With more people growing edibles in tiny gardens or living in rented accommodation, the area features a container garden and raised beds to help gardeners with limited space to grow their own.
Terracotta pots stacked on a shelf against a white wall
Pictured: The gardens comfrey collection in the container garden | Copyright | Shaun Fellows Shine Pix Ltd

Swiss chard - HSL variety
Pictured: Swiss chard HSL variety | Copyright | Shaun Fellows Shine Pix Ltd

HSL varieties Bronze Arrow (purple), Burpees Iceberg Lettuces
Pictured: HSL varieties Bronze Arrow (purple) and Burpees Iceberg | Copyright | Shaun Fellows Shine Pix Ltd

Right plant, right place

Comprising three large beds, the floral garden will introduce gardeners to flowers suitable for hot, dry, damp and shady conditions. Displays of plants for dry environments include Hydrangea macrophylla ‘Dr Jean Varnier’, Achillea ‘Red Velvet’ and Lavandula angustifolia ‘Munstead’. For visitors with poorly drained soil, recommendations include Persicaria affinis ‘Superba’, which provides year-round colour, and Alchemilla mollis.
Those keen to embrace organics can take inspiration from plants to attract pollinators, such as Tetrapanax papyrifer, the Chinese rice-paper plant, which is a magnet for bees, along with the coneflowers Helenium 'Wyndley' and Rudbeckia 'Goldsturm'. Other pollinator-friendly stars include Imperata cylindrica ‘Red Baron’, which features vibrant red spikes.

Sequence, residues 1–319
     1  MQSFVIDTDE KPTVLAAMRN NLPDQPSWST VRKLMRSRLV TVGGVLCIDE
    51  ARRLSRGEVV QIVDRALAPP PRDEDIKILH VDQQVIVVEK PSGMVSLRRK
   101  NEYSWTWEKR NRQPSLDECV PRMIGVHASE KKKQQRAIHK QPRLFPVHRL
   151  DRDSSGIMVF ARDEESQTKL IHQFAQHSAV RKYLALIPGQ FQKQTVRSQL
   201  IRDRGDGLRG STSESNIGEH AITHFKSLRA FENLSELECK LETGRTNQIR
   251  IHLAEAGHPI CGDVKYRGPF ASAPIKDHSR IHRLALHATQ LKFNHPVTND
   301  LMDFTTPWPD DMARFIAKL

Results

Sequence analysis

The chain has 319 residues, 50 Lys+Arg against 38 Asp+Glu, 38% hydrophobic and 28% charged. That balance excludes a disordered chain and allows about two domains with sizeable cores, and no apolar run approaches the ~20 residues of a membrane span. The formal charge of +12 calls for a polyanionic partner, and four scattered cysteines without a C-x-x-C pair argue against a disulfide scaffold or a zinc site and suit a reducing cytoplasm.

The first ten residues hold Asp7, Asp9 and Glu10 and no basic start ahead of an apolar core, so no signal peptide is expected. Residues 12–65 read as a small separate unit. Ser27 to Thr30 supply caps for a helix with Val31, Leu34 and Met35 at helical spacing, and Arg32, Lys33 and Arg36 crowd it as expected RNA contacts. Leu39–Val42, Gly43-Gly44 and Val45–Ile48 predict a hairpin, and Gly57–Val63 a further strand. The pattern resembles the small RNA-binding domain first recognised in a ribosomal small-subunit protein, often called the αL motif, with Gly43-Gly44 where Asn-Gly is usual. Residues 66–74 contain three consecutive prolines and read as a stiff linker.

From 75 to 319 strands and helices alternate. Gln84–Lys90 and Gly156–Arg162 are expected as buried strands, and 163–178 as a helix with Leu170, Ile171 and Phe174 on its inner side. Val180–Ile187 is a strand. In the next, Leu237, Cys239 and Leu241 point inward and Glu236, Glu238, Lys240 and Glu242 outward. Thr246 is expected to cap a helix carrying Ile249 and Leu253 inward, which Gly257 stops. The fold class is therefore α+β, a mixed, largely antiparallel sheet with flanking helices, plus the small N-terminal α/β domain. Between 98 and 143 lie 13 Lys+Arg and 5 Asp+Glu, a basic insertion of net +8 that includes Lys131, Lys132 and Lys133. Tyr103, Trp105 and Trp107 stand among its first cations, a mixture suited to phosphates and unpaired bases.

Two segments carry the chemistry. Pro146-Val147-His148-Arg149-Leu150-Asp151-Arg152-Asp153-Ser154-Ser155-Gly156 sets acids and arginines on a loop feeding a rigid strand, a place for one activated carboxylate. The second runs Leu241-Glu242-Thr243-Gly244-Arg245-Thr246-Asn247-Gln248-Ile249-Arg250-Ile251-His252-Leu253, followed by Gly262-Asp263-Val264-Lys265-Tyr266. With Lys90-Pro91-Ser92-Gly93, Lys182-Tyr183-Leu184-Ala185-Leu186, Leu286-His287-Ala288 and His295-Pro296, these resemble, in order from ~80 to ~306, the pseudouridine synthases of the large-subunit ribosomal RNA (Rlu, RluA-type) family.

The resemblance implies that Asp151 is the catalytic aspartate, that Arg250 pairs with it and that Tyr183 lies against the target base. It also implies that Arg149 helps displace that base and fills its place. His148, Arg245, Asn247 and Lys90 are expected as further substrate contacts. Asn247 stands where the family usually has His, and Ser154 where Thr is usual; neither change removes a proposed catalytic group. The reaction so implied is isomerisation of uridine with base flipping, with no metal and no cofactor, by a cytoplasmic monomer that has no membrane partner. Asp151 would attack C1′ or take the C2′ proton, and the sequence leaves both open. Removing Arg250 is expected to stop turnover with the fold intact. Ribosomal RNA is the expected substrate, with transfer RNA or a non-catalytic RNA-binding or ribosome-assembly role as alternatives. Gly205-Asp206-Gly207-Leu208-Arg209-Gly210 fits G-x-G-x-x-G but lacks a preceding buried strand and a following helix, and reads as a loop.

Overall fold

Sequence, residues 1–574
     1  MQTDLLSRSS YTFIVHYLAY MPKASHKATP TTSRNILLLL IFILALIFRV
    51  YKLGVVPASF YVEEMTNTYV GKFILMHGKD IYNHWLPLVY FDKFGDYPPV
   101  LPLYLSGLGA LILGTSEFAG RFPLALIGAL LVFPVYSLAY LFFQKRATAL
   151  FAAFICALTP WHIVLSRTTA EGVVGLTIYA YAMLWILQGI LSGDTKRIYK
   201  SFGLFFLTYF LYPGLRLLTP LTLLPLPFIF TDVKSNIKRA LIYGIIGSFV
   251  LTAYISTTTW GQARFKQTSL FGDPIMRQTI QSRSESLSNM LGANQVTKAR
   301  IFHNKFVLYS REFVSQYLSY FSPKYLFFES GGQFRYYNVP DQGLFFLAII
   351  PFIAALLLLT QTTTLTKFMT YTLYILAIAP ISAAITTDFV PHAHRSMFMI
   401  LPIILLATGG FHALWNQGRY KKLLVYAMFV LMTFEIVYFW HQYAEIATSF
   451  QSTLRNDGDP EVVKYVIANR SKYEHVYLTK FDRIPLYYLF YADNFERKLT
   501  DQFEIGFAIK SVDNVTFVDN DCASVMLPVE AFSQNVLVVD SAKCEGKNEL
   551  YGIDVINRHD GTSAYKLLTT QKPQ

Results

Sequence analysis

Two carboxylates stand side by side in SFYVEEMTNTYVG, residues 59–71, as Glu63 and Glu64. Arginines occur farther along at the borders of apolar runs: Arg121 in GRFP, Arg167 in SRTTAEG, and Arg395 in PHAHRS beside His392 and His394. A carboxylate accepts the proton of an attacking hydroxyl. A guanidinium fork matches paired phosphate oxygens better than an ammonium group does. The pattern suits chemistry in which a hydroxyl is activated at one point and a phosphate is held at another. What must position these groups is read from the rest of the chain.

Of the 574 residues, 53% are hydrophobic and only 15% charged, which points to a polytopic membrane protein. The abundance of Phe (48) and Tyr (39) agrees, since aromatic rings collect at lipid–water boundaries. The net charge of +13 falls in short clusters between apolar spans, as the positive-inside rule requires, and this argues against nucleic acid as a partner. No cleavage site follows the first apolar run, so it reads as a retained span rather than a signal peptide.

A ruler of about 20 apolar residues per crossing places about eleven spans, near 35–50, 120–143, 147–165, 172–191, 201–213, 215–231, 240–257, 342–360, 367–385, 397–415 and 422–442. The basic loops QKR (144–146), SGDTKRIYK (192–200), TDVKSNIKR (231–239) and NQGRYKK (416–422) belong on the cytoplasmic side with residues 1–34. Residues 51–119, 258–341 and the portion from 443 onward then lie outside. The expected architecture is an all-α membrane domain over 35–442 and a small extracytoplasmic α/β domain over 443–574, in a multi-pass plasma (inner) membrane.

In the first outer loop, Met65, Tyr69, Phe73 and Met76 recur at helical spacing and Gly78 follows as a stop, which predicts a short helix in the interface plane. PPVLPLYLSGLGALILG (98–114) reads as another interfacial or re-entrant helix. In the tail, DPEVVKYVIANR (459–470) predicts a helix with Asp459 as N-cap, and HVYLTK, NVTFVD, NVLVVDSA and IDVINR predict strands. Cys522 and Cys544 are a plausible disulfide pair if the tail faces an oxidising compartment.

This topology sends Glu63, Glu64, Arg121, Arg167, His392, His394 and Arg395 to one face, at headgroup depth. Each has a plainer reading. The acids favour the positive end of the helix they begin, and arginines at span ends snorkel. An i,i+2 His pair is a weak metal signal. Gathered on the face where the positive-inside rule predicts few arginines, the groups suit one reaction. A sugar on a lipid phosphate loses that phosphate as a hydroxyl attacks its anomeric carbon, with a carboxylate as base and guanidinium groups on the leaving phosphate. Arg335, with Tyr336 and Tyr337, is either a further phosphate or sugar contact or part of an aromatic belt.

A picture of a rudbekia yellow flower
Pictured: Rudbeckia | Copyright | Shaun Fellows Shine Pix Ltd

A veg patch full of green plants and a large glasshouse
Pictured: The garden alitex next to the veg patch | Copyright | Shaun Fellows Shine Pix Ltd

A garden with water in the background
A pond area can also be found at the demonstration garden | Copyright | Shaun Fellows Shine Pix Ltd

Showcase for alpines

The garden, which Viridian Nutrition has supported, will be home to a display of 30 alpines dedicated to Garden Organic founder Lawrence Hills – a specialist alpine grower who created displays at the RHS Chelsea Flower Show. A pond area will feature, too, demonstrating how even a small pool of water can enhance biodiversity in gardens.
Visitors will also be able to explore Garden Organic’s working areas such as its glasshouse and polytunnel, home to fast-growing crops such as radish, lettuce and spring onions. Masterclasses set to be delivered will encompass topics such as gardening for biodiversity, seed saving and climate-change gardening.
To enable social distancing, visits to the demonstration garden will be via pre-booked tours and courses only. Visit for information.
A picture of a insect hotel in a wooden shed
Pictured: A bug hotel at Ryton Gardens | Copyright | Shaun Fellows Shine Pix Ltd

A picture of a cold frame full of potted plants and vegetables
Pictured: Garden vegetables being hardened off in a cold frame | Copyright | Shaun Fellows Shine Pix Ltd

A close up of a wildflower flower garden
Pictured: Phacelia and Calendula | Shaun Copyright | Shaun Fellows Shine Pix Ltd